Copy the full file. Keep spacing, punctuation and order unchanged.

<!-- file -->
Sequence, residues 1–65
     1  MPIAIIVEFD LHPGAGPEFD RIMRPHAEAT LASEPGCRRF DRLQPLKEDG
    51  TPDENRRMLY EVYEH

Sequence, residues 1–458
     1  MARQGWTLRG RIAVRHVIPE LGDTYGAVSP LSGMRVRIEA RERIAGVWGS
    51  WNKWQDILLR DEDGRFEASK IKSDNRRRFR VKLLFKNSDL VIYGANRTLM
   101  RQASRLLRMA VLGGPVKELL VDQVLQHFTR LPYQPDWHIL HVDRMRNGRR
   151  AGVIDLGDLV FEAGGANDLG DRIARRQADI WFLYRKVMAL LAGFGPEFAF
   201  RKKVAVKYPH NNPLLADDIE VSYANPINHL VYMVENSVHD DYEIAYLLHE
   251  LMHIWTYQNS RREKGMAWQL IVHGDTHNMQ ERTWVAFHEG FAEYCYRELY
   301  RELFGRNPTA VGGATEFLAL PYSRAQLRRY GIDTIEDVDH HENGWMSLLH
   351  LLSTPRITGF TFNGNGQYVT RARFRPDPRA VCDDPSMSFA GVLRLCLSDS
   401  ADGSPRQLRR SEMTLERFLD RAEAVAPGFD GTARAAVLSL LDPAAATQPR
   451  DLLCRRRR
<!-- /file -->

Sequence, residues 1–65
     1  MPIAIIVEFD LHPGAGPEFD RIMRPHAEAT LASEPGCRRF DRLQPLKEDG
    51  TPDENRRMLY EVYEH

Sequence, residues 1–458
     1  MARQGWTLRG RIAVRHVIPE LGDTYGAVSP LSGMRVRIEA RERIAGVWGS
    51  WNKWQDILLR DEDGRFEASK IKSDNRRRFR VKLLFKNSDL VIYGANRTLM
   101  RQASRLLRMA VLGGPVKELL VDQVLQHFTR LPYQPDWHIL HVDRMRNGRR
   151  AGVIDLGDLV FEAGGANDLG DRIARRQADI WFLYRKVMAL LAGFGPEFAF
   201  RKKVAVKYPH NNPLLADDIE VSYANPINHL VYMVENSVHD DYEIAYLLHE
   251  LMHIWTYQNS RREKGMAWQL IVHGDTHNMQ ERTWVAFHEG FAEYCYRELY
   301  RELFGRNPTA VGGATEFLAL PYSRAQLRRY GIDTIEDVDH HENGWMSLLH
   351  LLSTPRITGF TFNGNGQYVT RARFRPDPRA VCDDPSMSFA GVLRLCLSDS
   401  ADGSPRQLRR SEMTLERFLD RAEAVAPGFD GTARAAVLSL LDPAAATQPR
   451  DLLCRRRR